How To Respond When Customers Get Angry

Apr 23, 2018

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People talk when they’re angry. While frustrated customers are still most likely to share displeasure in-person, 47% of people are also likely to post about it on social media, and 42% would email a company or brand about a bad experience. Your business’s responses to negative feedback matters. In fact, they can transform an angry customer into a brand advocate! Here are five steps to follow when responding to unfavorable comments.

1. Listen to customers.

Check in daily to read all form submissions, comments on social media and new online reviews. When a complaint shows up, don’t offer a generic cut-and-pasted reply. A rote response often appears dismissive and patronizing. Take the time to thoroughly read the feedback and respond to the specific issues stated. If a customer senses your business cares and wants to find a solution, they’re likely to soften. Plus, you never know when paying attention to angry customers could reveal weak points in your product or service that need to be addressed.

2. Troubleshoot where you are.

Troubleshoot with customers wherever they reach out to you—whether it’s by email, on the social media platform or by responding to a review. To do this well, you may need to touch base with your team to make sure you know what questions to ask and what answers to give. In instances where your answer will be publicly shown, tailor your responses to be informative for any future customers who may have similar issues. A personalized, detailed response can keep negative feedback from being an obstacle for future customers.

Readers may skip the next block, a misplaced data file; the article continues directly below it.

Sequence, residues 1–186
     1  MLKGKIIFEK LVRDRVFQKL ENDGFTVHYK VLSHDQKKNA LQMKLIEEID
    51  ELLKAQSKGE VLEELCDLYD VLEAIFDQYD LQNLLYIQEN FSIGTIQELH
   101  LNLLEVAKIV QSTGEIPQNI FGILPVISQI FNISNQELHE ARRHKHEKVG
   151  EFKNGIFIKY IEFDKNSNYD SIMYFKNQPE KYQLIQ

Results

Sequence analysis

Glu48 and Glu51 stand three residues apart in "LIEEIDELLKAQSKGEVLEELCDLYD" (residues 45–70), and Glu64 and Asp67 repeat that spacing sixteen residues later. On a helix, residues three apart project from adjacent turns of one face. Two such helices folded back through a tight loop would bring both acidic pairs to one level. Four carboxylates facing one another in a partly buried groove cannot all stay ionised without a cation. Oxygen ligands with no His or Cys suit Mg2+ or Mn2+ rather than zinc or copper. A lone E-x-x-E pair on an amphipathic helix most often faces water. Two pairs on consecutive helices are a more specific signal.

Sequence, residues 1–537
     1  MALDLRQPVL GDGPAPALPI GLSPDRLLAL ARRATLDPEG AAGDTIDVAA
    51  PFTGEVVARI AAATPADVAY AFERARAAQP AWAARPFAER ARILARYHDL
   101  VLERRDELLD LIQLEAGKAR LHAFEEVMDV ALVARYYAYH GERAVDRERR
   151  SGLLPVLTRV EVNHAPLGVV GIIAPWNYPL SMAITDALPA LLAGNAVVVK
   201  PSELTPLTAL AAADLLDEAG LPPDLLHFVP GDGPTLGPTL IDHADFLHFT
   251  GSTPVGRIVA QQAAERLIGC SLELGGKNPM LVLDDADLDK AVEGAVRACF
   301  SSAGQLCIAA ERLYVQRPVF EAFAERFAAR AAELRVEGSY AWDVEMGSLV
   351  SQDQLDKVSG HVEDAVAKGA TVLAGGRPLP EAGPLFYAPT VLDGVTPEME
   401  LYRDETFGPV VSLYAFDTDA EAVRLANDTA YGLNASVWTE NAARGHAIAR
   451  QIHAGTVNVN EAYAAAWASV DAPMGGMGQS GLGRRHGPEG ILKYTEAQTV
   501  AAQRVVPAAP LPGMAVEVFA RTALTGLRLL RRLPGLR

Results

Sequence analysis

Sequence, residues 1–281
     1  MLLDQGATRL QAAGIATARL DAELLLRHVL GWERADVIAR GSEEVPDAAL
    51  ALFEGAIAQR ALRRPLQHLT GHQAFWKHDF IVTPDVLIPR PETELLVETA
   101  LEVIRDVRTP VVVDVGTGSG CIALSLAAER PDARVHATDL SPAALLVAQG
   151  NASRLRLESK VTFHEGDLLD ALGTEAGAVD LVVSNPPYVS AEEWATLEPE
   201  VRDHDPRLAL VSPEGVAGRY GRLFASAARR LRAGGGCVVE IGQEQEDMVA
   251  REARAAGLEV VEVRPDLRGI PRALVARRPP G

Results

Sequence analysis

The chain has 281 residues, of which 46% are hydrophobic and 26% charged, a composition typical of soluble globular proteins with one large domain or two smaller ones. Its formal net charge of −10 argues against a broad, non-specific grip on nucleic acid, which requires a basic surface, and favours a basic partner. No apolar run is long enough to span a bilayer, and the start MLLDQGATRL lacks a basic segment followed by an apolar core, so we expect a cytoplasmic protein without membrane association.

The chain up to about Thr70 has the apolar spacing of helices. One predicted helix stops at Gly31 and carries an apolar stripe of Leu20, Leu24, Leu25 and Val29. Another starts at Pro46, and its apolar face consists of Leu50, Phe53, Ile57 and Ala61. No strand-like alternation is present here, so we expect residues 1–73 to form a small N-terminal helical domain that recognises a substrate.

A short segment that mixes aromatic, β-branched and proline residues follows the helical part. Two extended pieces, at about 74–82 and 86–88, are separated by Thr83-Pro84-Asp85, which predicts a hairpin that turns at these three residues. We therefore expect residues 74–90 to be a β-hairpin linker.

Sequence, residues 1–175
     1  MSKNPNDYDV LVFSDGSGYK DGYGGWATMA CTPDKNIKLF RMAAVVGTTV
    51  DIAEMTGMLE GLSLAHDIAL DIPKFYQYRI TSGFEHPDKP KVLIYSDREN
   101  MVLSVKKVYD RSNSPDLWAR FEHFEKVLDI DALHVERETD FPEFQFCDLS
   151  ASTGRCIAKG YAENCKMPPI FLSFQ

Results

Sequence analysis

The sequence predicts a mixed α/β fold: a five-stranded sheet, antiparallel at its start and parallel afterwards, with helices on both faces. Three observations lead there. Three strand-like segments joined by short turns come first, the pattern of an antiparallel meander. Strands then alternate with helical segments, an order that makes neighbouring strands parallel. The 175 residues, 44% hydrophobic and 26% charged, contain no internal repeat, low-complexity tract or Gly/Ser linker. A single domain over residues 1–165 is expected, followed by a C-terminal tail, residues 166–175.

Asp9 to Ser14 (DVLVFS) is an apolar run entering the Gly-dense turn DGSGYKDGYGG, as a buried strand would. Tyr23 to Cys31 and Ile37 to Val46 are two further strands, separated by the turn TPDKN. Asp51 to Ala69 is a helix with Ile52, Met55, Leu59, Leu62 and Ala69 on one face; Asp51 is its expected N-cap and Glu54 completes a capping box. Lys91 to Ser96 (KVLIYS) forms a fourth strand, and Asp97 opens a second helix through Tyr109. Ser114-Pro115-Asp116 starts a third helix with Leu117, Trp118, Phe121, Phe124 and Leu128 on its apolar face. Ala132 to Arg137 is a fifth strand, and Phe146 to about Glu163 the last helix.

3. Redirect customers when it gets complicated.

If negative feedback starts on social media or elsewhere online but grows increasingly complicated, follow up by phone or email.  Phone calls, emails or face-to-face chats are indispensable when a customer needs a more involved approach or complex step-by-step help. Redirection is also helpful when requesting personal information, like a shipping address or an email. Comment on the original thread or review that you’d like to move the conversation elsewhere; then initiate contact through a direct message to ease the transition.

4. Go the extra step.

Don’t stop with a solution. While a calm and helpful response can cool fiery customers, going the extra mile is what transforms them into brand advocates. Sometimes this means offering a discounted rate or a free replacement product. Other times, it looks like calling the customer to listen to everything they’ve experienced. It doesn’t have to be an expensive grand gesture. Often a simple handwritten thank-you card will suffice. At the end of each customer service experience, think of a small way to go above and beyond what’s expected.

5. Tune out trolls.

There will always be a few people who don’t want help; they want to vent abusively with the benefit of online anonymity. If a customer grows inflammatory or remains unsatisfied after numerous attempts at a resolution, it’s time to tune them out. However, never decide to cut ties or block a user on social media by yourself. Involve management and customer service team leaders to ensure this action comes from a non-defensive, level-headed spot. Then focus your energy on the customers who do want help.

In a world where 89% of social messages are ignored, responding to customers can help even the smallest business stand out. Following these simple steps creates a customer for life, and often a customer who spreads the good news about your company. Still struggling with how to handle social media responses and customer service? Contact us today for social media help.

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